In the Locker Room with Annie Payne and Bette Imhoff, Women’s Lacrosse Captains, Inseparable Friends


Courtesy of Oberlin Athletics

College fourth-years and women’s lacrosse players Annie Payne and Bette Imhoff pose together for media day.

This week, the Review sat down with College fourth-years Annie Payne and Bette Imhoff to reflect on their past four years playing lacrosse at Oberlin. Both Payne and Imhoff have had successful collegiate athletic careers despite only having played two full seasons. The duo is hopeful for this upcoming one, which is also Payne’s first season with a fully healed ACL. Payne, who plays attack, is a Politics and Psychology major; Imhoff, who plays midfield, is majoring in Psychology with a minor in Africana Studies.


When did you start playing Lacrosse? What made you decide to play in College? 

AP: I started playing lacrosse when I was in second grade and there weren’t many girls playing at all in my area. I was the only girl who played at my school, but my brother played, and I wanted to do everything that he was doing. I kept going after he quit. I played club and varsity all through high school, and then I just couldn’t really imagine stopping. I started looking at schools where I could play that were also really academically-oriented. Oberlin fit the bill. 

BI: I didn’t start playing lacrosse until I was a freshman in high school. The summer going into my senior year of high school, I realized I didn’t want to end my athletic career. My dad was the one that pushed me to pursue lacrosse at the collegiate level. He played lacrosse in college, and whenever he got the chance he would tell me that it was an incredible experience that he wouldn’t change for the world.


This is the last season for both of you and Annie’s first season since getting injured. What are you looking forward to for your first game next week and this season in general?

AP: We’re playing Baldwin Wallace University for our very first game, and that was our very first game my freshman year. That was the day after I tore my ACL — my second ACL tear — so I’m looking forward to redoing that. It feels like a fresh start. Our team’s looking really good, so I’m just looking forward to having a good season.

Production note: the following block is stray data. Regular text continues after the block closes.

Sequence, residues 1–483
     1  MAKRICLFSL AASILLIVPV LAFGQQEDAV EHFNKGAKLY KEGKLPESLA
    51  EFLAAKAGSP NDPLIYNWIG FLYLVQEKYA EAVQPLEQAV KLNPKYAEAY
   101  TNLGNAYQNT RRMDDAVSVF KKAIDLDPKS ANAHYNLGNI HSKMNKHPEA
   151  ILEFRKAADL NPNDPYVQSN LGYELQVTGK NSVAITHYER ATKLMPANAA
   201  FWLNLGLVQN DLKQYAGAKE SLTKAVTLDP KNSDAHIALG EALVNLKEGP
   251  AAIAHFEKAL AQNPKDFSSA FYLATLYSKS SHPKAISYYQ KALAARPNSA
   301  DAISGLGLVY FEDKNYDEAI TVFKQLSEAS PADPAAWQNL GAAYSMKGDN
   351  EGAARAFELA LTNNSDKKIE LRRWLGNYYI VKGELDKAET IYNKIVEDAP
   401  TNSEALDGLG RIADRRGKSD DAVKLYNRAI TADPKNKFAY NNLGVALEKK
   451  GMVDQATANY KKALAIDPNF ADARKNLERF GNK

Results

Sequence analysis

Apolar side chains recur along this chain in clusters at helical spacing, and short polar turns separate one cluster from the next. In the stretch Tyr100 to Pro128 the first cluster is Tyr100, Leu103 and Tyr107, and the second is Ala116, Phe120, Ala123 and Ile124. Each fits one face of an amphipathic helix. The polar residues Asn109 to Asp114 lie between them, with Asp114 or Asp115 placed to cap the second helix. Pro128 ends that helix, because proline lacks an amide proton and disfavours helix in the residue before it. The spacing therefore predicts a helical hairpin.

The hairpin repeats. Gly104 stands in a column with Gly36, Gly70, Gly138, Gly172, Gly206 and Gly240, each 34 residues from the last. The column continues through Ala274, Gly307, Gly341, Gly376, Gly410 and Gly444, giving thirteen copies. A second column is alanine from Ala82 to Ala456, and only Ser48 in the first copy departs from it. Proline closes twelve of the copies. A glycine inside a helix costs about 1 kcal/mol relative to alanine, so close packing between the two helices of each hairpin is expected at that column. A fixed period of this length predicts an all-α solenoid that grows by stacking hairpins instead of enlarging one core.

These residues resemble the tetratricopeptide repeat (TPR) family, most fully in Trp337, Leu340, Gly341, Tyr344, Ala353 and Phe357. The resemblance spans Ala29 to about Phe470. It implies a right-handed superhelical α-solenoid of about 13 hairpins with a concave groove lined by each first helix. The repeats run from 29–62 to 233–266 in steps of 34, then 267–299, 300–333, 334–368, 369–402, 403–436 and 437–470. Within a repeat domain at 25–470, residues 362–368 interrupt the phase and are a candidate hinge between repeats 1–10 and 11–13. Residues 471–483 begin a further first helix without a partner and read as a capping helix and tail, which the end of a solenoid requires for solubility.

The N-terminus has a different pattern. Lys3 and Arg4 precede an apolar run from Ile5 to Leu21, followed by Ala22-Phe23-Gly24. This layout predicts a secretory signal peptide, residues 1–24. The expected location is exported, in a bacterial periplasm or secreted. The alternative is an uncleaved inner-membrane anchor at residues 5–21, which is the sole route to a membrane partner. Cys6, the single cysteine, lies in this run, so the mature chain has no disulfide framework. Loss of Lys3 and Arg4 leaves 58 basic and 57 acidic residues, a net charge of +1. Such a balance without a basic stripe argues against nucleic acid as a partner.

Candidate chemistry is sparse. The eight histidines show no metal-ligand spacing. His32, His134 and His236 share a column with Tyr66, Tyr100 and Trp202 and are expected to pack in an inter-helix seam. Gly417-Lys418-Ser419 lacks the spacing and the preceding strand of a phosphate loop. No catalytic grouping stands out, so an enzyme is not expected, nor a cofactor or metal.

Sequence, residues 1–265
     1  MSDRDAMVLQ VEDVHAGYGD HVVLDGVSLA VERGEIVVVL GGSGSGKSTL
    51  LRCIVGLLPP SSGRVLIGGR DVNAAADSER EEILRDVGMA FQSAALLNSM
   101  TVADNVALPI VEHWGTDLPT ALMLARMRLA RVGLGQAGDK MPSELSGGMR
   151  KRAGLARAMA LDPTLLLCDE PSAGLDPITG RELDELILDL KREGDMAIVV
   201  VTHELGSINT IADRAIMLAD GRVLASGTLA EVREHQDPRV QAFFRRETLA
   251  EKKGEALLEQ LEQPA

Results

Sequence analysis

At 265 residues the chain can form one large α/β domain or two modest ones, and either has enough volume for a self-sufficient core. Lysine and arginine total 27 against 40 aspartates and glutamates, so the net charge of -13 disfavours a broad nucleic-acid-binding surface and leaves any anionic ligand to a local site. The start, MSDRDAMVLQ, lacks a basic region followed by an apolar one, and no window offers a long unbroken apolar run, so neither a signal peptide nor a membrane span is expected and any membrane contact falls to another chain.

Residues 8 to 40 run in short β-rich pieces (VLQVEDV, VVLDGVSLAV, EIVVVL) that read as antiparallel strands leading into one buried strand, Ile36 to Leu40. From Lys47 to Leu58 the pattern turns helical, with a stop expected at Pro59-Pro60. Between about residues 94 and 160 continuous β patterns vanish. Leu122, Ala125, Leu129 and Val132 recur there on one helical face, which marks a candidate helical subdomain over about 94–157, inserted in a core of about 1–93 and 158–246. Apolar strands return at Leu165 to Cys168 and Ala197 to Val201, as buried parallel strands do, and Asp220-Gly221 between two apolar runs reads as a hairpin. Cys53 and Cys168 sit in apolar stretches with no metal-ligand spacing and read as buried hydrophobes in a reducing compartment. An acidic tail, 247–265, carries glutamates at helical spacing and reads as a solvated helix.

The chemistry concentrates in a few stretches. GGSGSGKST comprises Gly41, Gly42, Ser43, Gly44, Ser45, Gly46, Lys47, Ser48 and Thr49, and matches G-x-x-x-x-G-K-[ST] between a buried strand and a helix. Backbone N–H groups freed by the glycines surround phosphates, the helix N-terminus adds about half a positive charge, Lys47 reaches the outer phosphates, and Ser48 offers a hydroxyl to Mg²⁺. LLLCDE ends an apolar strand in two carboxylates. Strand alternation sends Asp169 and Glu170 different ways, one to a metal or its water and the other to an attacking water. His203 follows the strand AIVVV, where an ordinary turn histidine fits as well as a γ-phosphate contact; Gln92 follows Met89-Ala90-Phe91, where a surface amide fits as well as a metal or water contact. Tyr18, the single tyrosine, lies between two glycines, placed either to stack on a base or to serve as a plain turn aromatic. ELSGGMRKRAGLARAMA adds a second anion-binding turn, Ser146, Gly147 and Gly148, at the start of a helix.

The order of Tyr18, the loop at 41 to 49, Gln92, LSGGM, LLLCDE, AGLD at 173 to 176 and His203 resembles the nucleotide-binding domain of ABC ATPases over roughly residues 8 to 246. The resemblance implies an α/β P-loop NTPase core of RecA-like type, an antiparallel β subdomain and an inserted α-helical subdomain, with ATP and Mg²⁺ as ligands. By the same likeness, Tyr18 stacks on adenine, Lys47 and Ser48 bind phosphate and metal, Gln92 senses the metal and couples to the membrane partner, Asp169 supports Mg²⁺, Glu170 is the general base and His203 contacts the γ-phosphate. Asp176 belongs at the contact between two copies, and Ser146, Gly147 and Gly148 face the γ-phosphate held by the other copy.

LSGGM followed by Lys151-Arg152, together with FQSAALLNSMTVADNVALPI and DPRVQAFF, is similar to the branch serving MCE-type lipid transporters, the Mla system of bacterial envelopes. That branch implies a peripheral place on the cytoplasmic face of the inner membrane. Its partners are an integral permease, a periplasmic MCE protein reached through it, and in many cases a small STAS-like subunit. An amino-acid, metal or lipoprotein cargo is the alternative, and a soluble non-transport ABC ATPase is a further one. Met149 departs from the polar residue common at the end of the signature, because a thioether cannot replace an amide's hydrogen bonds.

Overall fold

BI: I’m excited to finally compete with our entire team and show the North Coast Athletic Conference how much we’ve improved since we last played. I might be overly confident, but I believe we could win the NCAC tournament and maybe even go far in the NCAA tournament. The first-year class brings many strengths, and our returning players have only gotten better. It’s going to be the best season in Oberlin’s history. 


What’s the team culture like this year? What’s your approach to being a captain for this year’s group?

AP: I think most of the team is already pretty disciplined. We have a higher level of play this year than we’ve had in years past. I think keeping that discipline and that consistency and also keeping the positivity at the same time — those are our primary goals with this team. 

BI: From the first day of practice, I’ve been happily surprised by our skill level and how well we work as a team. The team culture is supportive and competitive, and we make each other better players, students, and people. I have so much confidence that our team will do well this season. So as a captain, I will be disciplined and driven because I want us to succeed. However, I want to keep morale high, uplift my teammates, and make sure that we have fun.


Do you have a favorite memory from the past four years as a collegiate athlete?

AP: The only games that I played were in my sophomore year — before COVID hit — and our very last game before we got sent home was against John Carroll University. We weren’t supposed to win, but we ended up beating them. It was a really close game, and we didn’t know it was our last game, but finding that out right after made it even more special.  It was a great game.

BI: When we beat Hope College on a buzzer-beater goal. I believe we were down seven goals at the half, and we came back in the last five minutes of the game. I happened to have the buzzer-beater shot, and I still remember the crowd going crazy and being tackled by teammates.That’s definitely a memory I won’t forget.


If you could do it all over again, what would you do differently?

AP: Oh, not have COVID hit! Skip a couple knee surgeries… I mean, besides those things, it’s been pretty great. Those are the most obvious. 

BI: While I’ve been at Oberlin, I’ve been asked to play a few other sports, so I think I would be a dual-sport athlete if I had the chance. Not only would it be excellent training for the offseason, but the relationships you make on a team are irreplaceable and special. 


What advice would you give to your underclassmen about navigating college?

AP: Don’t take it too seriously. Nothing is permanent. You don’t have to have everything figured out the moment you step on campus because nothing is gonna turn out how you think it’s going to anyway, and that’s okay. Get out of your comfort zone because this is the time to try new things and take risks. 

BI: I would tell them to take advantage of Oberlin’s resources and make the most of their time here because time really flies by. Lacrosse is a significant aspect of our College experience, but don’t let that be the only thing. Try new things, and join different programs and groups.